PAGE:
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3. Talking Democracy: From Normalized Political Processes to Politicized Everyday Life

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pp. 71-88

When the exiled generalissimo Chiang Kai-shek vowed to pursue democracy (zhueqiu mingzhu) in his annual national day addresses in Taipei, nobody with a clear mind believed that the promise was serious. At that time, when war seemed ever imminent, democracy was but empty rhetoric, ...

II. Identity and Ethnicity

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pp. 89-90

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4. Reflexive Democracy: Bentu and Its Discontent

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pp. 91-116

This chapter discusses a prime form of identity politics in Taiwan—namely, bentu identity. This identity question in Taiwan responds to changing state power closely intertwined with a rapidly transforming global condition. During the predemocracy era, the politics of bentu represented a search for an indigenous space ...

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5. Democracy as Dream: Ethnicity and the Politics of Recognition

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pp. 117-140

Ethnicity (zuqun) is Janus-faced in Taiwan’s postwar politics. The first face presents an image of love and hate. During the long period of martial law, ethnicity was nonterminology, and its closest similitude, zu, was mentioned only when the great and loving nation needed and summoned its thankful constituent family members. ...

III. Place and Politics

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pp. 141-142

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6. (En)gendering Democracy: Shequ and Urban Neighborhood Organizing

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pp. 143-174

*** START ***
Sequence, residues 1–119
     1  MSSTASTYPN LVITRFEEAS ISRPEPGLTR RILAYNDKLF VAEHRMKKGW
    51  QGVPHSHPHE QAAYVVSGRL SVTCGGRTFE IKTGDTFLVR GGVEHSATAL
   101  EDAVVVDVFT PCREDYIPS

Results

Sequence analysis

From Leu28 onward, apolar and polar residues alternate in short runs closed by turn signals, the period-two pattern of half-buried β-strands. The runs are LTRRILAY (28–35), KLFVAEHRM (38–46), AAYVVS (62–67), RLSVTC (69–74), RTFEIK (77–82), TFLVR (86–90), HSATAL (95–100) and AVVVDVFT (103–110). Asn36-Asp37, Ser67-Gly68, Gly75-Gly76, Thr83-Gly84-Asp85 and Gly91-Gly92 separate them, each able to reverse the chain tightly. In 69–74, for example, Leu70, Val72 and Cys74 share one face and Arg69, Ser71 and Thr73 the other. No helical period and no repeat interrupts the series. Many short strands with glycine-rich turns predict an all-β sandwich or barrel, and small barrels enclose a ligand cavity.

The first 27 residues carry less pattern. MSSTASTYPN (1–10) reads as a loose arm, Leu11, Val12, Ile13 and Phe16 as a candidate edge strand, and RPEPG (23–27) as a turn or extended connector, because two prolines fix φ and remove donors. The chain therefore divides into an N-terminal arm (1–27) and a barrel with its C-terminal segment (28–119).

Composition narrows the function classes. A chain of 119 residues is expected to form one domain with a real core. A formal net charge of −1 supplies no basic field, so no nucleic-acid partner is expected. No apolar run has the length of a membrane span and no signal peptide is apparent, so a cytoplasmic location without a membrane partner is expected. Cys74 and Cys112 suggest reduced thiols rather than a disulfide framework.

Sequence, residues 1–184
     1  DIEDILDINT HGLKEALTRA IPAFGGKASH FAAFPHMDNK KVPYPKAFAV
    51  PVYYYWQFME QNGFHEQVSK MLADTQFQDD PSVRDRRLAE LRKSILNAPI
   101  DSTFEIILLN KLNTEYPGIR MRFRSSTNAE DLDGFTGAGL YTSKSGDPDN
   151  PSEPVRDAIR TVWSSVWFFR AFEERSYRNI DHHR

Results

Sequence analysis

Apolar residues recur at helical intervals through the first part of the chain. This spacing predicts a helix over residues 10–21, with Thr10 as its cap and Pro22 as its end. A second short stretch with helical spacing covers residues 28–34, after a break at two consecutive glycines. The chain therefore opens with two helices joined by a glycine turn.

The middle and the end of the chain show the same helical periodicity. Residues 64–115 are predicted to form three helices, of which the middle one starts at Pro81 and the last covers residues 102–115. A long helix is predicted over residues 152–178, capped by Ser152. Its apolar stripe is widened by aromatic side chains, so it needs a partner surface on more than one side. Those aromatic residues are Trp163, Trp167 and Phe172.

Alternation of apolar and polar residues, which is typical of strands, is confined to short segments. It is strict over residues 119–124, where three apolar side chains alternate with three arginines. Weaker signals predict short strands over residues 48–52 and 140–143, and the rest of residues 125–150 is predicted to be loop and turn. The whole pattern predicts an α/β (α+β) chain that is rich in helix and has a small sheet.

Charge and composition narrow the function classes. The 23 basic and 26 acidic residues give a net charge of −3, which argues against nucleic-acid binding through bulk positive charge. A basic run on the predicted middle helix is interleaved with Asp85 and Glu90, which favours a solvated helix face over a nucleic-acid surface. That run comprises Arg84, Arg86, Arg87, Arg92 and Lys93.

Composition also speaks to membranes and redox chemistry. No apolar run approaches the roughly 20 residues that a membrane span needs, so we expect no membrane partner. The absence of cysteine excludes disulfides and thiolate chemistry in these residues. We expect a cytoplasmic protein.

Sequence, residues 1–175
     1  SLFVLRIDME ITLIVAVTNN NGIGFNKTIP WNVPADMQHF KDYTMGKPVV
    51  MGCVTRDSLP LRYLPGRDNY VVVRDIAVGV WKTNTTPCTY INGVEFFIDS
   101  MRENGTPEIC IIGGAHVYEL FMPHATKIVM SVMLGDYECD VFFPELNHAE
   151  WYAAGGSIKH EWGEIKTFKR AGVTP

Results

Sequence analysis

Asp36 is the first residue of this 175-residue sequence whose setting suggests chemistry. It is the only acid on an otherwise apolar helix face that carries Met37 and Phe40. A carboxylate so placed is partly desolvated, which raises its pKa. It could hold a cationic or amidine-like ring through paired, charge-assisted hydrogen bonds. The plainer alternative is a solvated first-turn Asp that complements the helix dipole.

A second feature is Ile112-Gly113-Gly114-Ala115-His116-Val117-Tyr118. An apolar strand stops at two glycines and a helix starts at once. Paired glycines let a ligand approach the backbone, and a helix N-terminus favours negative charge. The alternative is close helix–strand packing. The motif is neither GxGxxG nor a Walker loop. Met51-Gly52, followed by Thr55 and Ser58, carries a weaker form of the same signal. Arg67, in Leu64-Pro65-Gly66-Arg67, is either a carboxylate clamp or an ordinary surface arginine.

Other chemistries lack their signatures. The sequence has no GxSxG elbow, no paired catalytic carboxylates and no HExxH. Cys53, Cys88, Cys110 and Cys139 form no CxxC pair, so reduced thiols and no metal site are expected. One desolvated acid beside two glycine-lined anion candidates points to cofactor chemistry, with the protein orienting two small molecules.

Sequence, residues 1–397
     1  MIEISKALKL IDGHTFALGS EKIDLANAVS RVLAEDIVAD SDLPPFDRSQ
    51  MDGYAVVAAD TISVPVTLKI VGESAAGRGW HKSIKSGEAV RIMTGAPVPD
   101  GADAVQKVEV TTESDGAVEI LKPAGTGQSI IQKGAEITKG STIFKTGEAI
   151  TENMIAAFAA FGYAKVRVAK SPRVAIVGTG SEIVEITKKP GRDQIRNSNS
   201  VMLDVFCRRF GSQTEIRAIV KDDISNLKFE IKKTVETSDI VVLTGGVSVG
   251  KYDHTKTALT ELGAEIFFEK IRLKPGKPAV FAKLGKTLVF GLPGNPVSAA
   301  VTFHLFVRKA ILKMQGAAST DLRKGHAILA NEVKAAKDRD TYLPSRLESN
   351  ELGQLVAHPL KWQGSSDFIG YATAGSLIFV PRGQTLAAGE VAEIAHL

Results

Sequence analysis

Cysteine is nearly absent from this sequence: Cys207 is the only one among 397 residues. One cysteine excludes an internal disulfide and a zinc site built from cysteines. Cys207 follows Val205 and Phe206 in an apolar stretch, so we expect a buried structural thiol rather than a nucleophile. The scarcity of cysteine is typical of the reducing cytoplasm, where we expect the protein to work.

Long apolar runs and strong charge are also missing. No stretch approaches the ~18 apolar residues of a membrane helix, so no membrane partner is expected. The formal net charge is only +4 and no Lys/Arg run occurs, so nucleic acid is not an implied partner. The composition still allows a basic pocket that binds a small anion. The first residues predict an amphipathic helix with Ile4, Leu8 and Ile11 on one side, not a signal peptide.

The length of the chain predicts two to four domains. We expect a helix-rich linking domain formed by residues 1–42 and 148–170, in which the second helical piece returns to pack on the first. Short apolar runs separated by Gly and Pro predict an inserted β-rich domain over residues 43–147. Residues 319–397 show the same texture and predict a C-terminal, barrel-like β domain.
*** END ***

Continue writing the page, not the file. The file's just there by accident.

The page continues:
One summer afternoon, June 12, 1995, a college student walked home aft er class, as she did everyday, routinely going through a neighborhood park she had been walking through since she was a child. She was shocked to notice a newly made bulletin board outside the park announcing that a section of it would be demolished to make way for a new road. ...

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7. Walking Democracy: Street Life and Local Politics in a Taipei Neighborhood

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pp. 175-198

Walking was once a nightmare in Taipei. Imagine an office worker rushing to work on foot and in his way there is a monstrous row of motorcycles blocking the sidewalk. Frustrated, he looks around, only realizing that vehicles parked on the roadside prevent all detours. ...

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Epilogue: Democracy Unbound

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pp. 199-208

After all the chapters detailing the effect of democracy on Taiwanese politics, this epilogue seeks to return to an unavoidable question—that is, how this young democracy with its successes and downsides is going to be significant to a possible notion of Chinese democracy in the PRC. ...


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pp. 209-238


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pp. 239-258


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pp. 259-270

E-ISBN-13: 9789629969202
Print-ISBN-13: 9789629965464

Page Count: 292
Illustrations: N
Publication Year: 2013